For Russia, however, the date is so distant that it is difficult to forecast anything. Current trends in the Russian economy and the aviation industry indicate that Russia will not be able to afford such an aircraft. It is possible that the tasks currently planned for PAK DP will be partially moved to an intercepting variant of the Su-57 fighter, especially after arming it with the new very-long-range missile “izdeliye 810.” In addition, the Russians may again extend the service life and upgrade the current MiG-31 fleet in order to keep it in service well beyond 2030.

Light Strike Aircraft, With or Without Pilot

RSK MiG, and Sukhoi too undoubtedly, are conducting conceptual work on variants of lightweight tactical combat aircraft. They all have a lower status than the PAK DP project, given there is no procurement or government financing for the variants under study.

Sergey Chemezov, the CEO of Rostec, to which UAC, RSK MiG and Sukhoi belong, told reporters in early December 2020 that the corporation is developing the concept of a fifth-generation fighter “in the light- and medium-weight class.”

“This could be a universal platform in manned and unmanned versions,” he added. On Dec. 16, 2020, Andrei Yelchaninov, deputy chairman of the Military-Industrial Commission board, told the Izvestia newspaper that “MiG is working on the creation of a light strike aircraft, which can be either manned or unmanned.”

Both Chemezov and Yelchaninov underlined that the work “is conducted on an initiative basis and is not funded by the state.” They also emphasized the export orientation of this project and possible cooperation with a foreign partner.

One of Russia’s possible partners is the United Arab Emirates (UAE). In February 2017, during the IDEX 2017 exhibition, Chemezov announced that Russia and the UAE had agreed to jointly create a new-generation lightweight fighter. Chemezov proclaimed the signing of an appropriate contract later that year.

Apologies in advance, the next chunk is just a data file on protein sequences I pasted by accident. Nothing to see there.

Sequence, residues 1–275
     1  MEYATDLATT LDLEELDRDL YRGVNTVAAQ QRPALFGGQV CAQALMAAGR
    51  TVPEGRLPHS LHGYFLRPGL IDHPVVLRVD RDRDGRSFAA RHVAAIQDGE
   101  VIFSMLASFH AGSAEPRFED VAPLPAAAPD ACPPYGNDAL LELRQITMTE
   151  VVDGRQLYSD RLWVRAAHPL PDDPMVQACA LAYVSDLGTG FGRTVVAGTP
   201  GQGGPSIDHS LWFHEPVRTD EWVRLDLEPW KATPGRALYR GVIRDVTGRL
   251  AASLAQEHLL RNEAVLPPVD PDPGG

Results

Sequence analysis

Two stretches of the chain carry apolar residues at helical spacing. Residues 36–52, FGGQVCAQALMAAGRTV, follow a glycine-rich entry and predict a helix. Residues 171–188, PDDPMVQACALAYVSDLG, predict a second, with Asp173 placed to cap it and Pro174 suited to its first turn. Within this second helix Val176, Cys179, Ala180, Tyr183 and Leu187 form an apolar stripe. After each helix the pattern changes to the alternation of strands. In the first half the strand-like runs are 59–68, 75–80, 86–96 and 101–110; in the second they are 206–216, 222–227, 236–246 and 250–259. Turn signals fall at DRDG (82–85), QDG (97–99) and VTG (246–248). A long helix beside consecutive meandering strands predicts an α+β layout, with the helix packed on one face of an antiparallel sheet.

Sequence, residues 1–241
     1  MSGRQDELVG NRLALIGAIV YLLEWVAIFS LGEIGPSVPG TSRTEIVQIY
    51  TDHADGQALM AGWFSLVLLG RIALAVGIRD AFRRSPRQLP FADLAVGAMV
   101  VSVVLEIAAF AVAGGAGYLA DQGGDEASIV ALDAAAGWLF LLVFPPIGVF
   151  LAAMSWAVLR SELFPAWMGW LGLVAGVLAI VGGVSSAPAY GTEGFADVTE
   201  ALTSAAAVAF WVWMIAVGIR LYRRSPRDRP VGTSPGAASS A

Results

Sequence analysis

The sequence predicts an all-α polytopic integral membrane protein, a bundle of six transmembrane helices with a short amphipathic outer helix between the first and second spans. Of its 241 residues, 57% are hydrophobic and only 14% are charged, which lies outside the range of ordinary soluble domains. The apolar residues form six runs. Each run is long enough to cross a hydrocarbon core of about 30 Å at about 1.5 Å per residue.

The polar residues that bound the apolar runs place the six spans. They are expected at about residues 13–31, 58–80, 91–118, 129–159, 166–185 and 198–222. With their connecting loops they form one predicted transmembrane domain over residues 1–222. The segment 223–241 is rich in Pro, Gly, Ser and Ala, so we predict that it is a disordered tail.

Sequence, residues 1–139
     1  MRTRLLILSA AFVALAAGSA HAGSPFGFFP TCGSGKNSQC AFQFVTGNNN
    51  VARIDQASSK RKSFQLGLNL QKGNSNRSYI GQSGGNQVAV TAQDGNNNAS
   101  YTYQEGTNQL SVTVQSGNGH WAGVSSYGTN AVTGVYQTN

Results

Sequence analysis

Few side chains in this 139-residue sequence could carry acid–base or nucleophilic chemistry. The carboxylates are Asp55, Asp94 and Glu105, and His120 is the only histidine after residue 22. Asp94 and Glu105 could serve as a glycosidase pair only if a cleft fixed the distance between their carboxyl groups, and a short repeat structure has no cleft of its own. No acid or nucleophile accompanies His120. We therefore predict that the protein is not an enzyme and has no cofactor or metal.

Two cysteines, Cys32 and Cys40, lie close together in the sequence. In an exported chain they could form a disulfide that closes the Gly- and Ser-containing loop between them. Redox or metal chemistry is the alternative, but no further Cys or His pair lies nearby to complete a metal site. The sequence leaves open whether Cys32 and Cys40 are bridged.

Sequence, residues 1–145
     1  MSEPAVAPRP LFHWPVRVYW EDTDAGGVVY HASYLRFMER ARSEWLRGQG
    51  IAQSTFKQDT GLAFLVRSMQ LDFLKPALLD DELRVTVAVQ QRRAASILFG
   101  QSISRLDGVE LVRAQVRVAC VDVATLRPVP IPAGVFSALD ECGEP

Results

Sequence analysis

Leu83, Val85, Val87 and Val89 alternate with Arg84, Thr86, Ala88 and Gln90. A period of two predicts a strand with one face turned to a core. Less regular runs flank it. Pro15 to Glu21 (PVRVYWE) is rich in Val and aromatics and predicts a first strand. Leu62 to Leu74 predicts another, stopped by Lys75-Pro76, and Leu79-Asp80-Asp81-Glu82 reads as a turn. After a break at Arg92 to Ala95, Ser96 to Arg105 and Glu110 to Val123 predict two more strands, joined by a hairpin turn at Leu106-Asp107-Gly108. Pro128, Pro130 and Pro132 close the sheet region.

The aircraft would be produced in the UAE and was intended for the UAE Air Force and neighbor services. In the following years, apart from a few general declarations that the project is up to date, details were not available.

There are three known acronyms for Russia’s new lightweight fighter project.

The official strategy of UAC for 2016-2035 was published in December 2016. That document interchangeably uses “LFI,” an acronym translated as Lightweight Tactical Fighter, or “PLIB,” translated as the Future Lightweight Fighter-Bomber, as the names of this program.

In 2018, the United Engine Corp. (UEC) said in a presentation that the LFI/PLIB’s powerplant could be a single “izdeliye 30” turbofan developed for the Su-57 fighter. According to the same presentation, two modified “izdeliye 30” engines would be used to provide propulsion for the PAK DP.

The RSK MiG uses the acronym “LMFS” for its lightweight fighter project. In December 2019, RSK MiG ordered TsAGI to “calculate the aerodynamics of a lightweight multifunction tactical aircraft (LMFS) in a twin-engine configuration” and compare it with foreign counterparts. One of the known RSK MiG LMFS designs is a canard that has a large delta wing, with small control surfaces at the rear and on the sides of the engine nacelles. It has a maximum takeoff weight of 24,500 kg (54,000 lb.) and is designed to reach speeds of up to Mach 2. The ferry range with additional fuel tanks will be 2,160 nm, and the basic weapon load is to be carried inside the fuselage.

The current conceptual work on the RSK MiG LFMS is a continuation of the LFI lightweight tactical fighter program launched by MiG as early as 1986. The LFI fighter was later refreshed in the form of the E-721 project for the purposes of the PAK FA stealth fighter program. In 2002, the MiG E-721 lost the PAK FA competition for the Sukhoi T-50 project, the present Su-57.


Talk about a lot of pie in the sky.

Lets see, Russia is what 4000 miles across and has 35,000 miles of border.

You are going to find a cruise missile how?

None of this will come to see the light of day.
There is a lot of space in Russia which is unoccupied by humans. Given the cost, Russia will never be able to afford to buy enough "interceptors" to defend it in its entirety.

It would seem that the point defense of high value targets with advanced SAMs or high energy weapons makes more sense than having a limited number of manned interceptors to find hypersonic, low orbiting satellite and low altitude cruise missiles. Especially in the vastness of Russia's far east.

Ultimately all missiles are launched with the intent of destroying a specific target. It would make better sense to allow a missile to maneuver at will away from the target and then kill it close in when it must make a beeline towards its objective.